Why education for advanced Freediving/APNEA


To become a better free diver.

Now, “better” does not necessarily mean to just go deeper or to hold your breath longer.  A good free diver has a sense of own potential but even more importantly, understands the current physiological limits.  You need to bring respect for the depth and above all, be a safe dive partner in order to enjoy this sport over the long run.

To fully appreciate the risks associated with free diving/APNEA.

You have to distinguish between recreational snorkeling and APNEA.  They are two completely separate events.  I don’t intend to over dramatize free diving, or APNEA, as advanced free diving is better known as, but I don’t want to understate it either.  There are impacts to the body from APENA that you need to be aware of and take seriously consider before participating in this sport.  For example, you would not expect anyone to participate in scuba diving without being properly trained and certified.  Why would APNEA be any different in that regards?  There are certain inherent risks in both sports that one has to get educated about in order to make the activities more fun, safer and more accessible to more people.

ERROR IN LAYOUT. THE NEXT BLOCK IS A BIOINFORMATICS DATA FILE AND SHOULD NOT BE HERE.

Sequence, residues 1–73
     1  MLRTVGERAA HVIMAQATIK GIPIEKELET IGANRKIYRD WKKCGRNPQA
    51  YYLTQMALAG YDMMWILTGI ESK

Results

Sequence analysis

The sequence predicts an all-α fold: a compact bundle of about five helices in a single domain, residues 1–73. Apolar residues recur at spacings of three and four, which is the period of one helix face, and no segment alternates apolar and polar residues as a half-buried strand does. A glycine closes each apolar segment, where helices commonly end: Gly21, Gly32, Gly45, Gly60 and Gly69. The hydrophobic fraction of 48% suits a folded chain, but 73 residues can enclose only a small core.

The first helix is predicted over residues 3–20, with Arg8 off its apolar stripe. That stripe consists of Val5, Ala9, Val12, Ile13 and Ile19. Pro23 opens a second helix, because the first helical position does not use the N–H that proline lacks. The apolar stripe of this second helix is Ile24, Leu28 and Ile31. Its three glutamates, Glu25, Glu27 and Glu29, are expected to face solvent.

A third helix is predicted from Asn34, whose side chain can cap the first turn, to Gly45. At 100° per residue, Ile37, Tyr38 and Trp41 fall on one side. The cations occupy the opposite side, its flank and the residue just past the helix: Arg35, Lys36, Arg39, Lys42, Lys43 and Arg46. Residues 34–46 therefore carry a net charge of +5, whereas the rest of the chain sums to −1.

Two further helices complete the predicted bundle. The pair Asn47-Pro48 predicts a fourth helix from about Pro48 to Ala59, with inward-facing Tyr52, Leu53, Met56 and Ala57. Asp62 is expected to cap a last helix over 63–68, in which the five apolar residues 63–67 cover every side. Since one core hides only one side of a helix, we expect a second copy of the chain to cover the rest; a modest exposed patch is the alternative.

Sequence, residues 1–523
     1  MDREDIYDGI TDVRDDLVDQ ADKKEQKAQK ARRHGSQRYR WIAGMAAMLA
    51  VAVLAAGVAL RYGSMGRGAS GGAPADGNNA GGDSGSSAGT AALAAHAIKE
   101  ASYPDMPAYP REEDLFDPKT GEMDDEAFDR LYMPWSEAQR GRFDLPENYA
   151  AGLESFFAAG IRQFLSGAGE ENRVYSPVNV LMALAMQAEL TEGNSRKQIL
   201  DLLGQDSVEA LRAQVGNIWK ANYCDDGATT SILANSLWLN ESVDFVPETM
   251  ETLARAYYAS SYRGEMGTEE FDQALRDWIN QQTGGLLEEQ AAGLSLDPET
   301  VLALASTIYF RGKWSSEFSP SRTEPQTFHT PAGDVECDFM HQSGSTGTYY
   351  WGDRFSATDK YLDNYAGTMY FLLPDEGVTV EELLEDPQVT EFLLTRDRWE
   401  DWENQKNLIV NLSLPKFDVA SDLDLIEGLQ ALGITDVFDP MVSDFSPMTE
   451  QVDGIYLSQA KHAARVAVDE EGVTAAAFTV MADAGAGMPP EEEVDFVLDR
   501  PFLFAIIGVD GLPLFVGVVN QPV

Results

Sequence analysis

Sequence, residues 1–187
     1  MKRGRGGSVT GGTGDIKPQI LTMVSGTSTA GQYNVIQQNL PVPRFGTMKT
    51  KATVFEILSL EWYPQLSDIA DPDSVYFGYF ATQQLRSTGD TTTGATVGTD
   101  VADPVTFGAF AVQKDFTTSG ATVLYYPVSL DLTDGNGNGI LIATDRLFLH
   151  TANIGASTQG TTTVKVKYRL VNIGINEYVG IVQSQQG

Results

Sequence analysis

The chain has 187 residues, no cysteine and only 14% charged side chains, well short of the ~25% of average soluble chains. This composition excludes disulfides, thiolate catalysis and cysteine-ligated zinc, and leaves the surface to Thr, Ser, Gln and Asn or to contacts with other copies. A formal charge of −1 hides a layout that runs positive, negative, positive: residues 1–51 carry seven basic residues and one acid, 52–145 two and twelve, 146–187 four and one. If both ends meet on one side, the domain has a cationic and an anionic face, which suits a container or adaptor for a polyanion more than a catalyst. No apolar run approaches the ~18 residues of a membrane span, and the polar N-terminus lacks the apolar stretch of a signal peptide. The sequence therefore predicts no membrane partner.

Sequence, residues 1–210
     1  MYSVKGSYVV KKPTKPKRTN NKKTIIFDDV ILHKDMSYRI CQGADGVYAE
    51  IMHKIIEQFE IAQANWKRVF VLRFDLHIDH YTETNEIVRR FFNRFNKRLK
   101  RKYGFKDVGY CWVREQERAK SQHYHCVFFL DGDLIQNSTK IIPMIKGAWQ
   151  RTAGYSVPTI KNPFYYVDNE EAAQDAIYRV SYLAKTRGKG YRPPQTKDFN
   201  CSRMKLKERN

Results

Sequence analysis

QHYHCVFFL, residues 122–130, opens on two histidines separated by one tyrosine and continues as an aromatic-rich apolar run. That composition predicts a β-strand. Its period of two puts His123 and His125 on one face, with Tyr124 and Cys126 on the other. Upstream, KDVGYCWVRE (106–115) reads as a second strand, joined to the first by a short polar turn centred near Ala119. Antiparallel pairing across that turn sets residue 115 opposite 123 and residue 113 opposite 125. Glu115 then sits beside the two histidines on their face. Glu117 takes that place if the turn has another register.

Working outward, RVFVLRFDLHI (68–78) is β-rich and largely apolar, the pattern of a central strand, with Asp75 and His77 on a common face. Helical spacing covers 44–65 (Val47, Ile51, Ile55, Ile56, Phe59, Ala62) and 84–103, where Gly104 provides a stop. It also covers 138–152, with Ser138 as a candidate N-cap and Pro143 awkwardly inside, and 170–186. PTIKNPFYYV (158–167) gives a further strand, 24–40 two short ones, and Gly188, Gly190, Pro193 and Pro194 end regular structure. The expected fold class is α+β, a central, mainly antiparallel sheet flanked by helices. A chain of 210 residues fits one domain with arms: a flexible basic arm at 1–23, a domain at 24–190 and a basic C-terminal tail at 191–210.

Becoming a skilled free diver requires spending a lot of time in the water.  It is only through sustained training that you will learn and gain the proper experience that is required to excel in the sport.  It is too easy to get bogged down in various theories about HOW to do it as opposed to putting into practice what you have read and actually doing it.  Obviously, there is a need to understand the theory behind it, but it is only by putting it into practice that it becomes truly useful.  There is simply no substitute for regular practice in a controlled environment.  Typically, by taking a course, a student gains the confidence necessary to get more experience in the water and will seek out additional training to improve from current level.  A course will also; help answer most of your questions about the sport; how to minimize risks; how do you hold your breath for several minutes; what are the techniques available to keep yourself calm; how deep do I dare to go and how deep can I go before pushing my limits too far.

With insights into what risks do exist with APNEA, and how to minimize them, I can virtually guarantee that your experience will be much more enjoyable and something that you will continue to do for a long time.

Regards,

Gunnar Nordstrom